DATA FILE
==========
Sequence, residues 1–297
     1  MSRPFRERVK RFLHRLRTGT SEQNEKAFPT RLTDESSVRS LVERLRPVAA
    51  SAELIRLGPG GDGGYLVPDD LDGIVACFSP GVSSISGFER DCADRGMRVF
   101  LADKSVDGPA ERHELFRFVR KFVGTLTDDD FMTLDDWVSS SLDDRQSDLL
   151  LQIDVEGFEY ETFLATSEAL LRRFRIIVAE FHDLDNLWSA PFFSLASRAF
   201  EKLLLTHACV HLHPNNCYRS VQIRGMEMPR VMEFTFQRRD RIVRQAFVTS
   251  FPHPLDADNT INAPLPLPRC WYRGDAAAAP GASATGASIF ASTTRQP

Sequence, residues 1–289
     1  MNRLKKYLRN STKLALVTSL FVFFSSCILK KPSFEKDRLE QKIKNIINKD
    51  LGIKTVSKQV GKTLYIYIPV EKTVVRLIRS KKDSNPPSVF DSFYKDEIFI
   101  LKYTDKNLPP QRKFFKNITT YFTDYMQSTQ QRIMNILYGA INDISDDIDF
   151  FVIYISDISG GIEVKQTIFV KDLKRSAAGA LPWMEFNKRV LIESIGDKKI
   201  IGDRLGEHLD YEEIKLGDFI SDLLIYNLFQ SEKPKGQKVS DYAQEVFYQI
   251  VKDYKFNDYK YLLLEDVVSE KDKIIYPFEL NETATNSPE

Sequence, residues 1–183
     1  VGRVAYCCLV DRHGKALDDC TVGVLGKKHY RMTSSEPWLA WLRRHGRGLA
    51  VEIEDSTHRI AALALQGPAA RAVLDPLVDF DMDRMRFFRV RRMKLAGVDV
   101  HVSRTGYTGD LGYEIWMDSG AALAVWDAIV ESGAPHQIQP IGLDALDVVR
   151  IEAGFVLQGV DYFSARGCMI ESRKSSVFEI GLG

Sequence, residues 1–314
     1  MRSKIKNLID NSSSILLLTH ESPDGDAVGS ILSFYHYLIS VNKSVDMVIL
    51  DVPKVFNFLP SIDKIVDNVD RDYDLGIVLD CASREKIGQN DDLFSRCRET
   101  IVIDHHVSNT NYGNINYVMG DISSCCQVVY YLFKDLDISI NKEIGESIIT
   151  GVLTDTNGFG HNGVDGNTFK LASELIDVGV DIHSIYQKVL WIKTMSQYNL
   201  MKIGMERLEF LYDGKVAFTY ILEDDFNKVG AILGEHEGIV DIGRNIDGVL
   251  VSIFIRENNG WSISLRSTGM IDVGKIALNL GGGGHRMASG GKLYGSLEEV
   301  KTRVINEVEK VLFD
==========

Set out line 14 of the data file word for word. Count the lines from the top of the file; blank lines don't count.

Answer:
   251  VKDYKFNDYK YLLLEDVVSE KDKIIYPFEL NETATNSPE